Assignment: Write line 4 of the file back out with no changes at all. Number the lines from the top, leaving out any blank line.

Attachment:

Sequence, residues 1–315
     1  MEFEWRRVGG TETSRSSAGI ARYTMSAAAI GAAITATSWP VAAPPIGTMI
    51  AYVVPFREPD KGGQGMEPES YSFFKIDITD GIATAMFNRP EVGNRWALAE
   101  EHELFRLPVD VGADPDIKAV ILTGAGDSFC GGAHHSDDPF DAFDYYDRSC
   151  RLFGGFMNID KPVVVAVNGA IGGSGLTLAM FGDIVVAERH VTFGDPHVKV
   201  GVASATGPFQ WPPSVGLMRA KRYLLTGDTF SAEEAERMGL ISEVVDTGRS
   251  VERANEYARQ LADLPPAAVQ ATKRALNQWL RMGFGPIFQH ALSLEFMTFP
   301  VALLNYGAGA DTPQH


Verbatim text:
   101  EHELFRLPVD VGADPDIKAV ILTGAGDSFC GGAHHSDDPF DAFDYYDRSC